Compression therapy - what is it and why use it?

Compression stockings and support hosiery are the simplest form of compression therapy - squeezing your legs to improve the flow of blood up your veins.

An analogy is a river in a narrow gorge then out onto a delta. The same amount of water is flowing in both parts in a given time, but it has to speed up greatly to all get through the gorge in that time.

Squashing your leg veins flat with compression, speeds up the blood flow, reducing the risk of clotting during a bus or plane trip.

It is possible that it also approximates the leaves of valves in stretched varicose veins, allowing them to work again.


Our veins have valves to prevent backflow, which break up the column of blood returning to our heart from our legs. The pressure at the bottom of a 4ft column of blood is considerable and would make it hard to prevent oedema fluid leaking out under our skin.

Oedema of the feet and ankles in fit military men during a voyage on a troopship, was called deck oedema. The was little room to sit down on the crowded ships. Even prolonged sitting will cause this, and without adequate movement compression therapy is less effective┬╣.

Our calf muscle pump has a big effect on the return of blood from our legs.

Wearing compression to reduce oedema, it is still important to use your calf muscles if you can. This means using your foot plus toes, with spring in your step.

Calf muscle stretching may be a first step, as adequate ankle movement is needed to allow one to do this.

Swollen legs may be a sign of serious kidney, liver or heart disease. Blood tests, chest X-ray and echocardiography may be needed.

Safety aspects - assessment of leg arterial blood supply²

"Before compression therapy is commenced, thorough vascular assessment to exclude significant peripheral arterial disease is essential.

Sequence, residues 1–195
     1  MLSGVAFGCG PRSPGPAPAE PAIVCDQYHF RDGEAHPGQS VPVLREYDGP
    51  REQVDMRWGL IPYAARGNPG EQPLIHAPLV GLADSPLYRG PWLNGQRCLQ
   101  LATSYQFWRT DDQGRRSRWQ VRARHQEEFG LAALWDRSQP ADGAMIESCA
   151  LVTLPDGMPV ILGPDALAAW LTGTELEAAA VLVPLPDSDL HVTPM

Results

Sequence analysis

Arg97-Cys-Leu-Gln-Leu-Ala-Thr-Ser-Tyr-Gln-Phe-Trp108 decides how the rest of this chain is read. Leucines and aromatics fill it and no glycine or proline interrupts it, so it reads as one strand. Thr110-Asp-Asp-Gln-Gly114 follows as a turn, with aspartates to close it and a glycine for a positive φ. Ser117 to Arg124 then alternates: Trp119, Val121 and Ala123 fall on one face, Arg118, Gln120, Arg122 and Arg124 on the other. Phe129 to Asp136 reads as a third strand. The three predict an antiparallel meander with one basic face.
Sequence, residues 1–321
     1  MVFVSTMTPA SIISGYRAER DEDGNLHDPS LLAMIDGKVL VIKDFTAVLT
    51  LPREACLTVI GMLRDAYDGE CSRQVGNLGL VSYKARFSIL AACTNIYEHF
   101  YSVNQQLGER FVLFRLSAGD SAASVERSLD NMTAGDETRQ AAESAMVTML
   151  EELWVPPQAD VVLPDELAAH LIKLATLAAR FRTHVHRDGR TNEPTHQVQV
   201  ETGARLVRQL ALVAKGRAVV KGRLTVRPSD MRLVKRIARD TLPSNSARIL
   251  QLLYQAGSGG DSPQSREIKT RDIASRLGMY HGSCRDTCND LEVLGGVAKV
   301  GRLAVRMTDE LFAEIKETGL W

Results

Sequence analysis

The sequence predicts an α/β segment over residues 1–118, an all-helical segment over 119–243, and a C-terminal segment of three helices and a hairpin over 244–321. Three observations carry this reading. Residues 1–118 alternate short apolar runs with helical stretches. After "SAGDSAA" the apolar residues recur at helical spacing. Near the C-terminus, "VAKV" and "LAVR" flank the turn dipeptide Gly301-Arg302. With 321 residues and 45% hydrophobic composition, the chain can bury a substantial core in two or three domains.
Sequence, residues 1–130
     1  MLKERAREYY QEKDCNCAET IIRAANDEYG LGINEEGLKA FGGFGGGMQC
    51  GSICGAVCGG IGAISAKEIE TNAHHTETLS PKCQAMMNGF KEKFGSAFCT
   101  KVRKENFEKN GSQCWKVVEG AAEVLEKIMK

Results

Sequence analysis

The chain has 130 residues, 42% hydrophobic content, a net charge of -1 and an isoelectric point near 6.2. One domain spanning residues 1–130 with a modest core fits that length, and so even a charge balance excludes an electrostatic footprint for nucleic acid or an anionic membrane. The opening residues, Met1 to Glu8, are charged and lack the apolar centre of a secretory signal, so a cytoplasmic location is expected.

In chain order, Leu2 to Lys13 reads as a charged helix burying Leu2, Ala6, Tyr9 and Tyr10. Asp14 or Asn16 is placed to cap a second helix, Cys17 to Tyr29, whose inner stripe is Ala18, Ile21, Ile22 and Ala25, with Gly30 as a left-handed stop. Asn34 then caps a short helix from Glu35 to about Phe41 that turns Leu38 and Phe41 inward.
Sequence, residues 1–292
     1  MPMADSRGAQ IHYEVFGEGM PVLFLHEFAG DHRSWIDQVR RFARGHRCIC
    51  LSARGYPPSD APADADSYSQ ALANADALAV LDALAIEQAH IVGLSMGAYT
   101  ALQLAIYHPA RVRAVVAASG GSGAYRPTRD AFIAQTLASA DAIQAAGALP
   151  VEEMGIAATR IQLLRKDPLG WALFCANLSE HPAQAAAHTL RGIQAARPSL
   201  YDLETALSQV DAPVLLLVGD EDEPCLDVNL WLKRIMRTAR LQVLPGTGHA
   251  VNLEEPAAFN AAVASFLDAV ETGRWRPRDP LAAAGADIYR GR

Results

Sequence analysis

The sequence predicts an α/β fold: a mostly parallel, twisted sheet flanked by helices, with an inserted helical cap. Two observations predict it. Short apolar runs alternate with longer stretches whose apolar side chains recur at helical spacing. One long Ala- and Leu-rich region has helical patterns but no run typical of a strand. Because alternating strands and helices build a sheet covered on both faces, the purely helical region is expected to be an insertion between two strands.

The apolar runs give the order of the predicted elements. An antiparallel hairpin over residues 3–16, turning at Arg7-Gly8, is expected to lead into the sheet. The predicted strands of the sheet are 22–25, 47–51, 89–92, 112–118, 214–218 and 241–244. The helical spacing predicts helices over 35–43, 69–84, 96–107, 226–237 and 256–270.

If foot pulses are weakened or absent, an ankle/brachial pressure index should be calculated.
Divide the ankle systolic pressure of the dorsalis pedis or posterior tibial artery (the greater value taken as the ankle pressure) by the brachial systolic pressure.

If the patient has arteriosclerosis or diabetes, it is imperative that a great toe pressure index (photoplethysmography) also be performed."

This is to ensure that you don't have the blood supply to your leg cut off by the bandages - fairly important. This assessment is done by properly trained and equipped professionals, when it is thought necessary.

Systolic is the top reading of the blood pressure, with each beat of the heart. Diastolic is the bottom reading just before the next beat (pressure wave) comes through.

If the ankle-brachial index is greater than 0.8, compression is considered safe.

Practical aspects - getting compression stockings on.

Wearing kitchen rubber gloves with textured grips make the job easier and also reduce the risk of damaging the stockings with a fingernail.

References

1. Bolton L Compression in venous ulcer management. J Wound Ostomy Continence Nurs 2008 35 pp40-49
http://staging.journals.pointbridge.com/jwocnonline/Fulltext/2008/01000/Compression_in_Venous_Ulcer_Management.11.aspx

2. Vicaretti M Compression-therapy for venous disease Australian Prescriber 33(6) Dec 2010
http://www.australianprescriber.com/upload/pdf/articles/1151.pdf
This pdf is a complete review including good illustrations.

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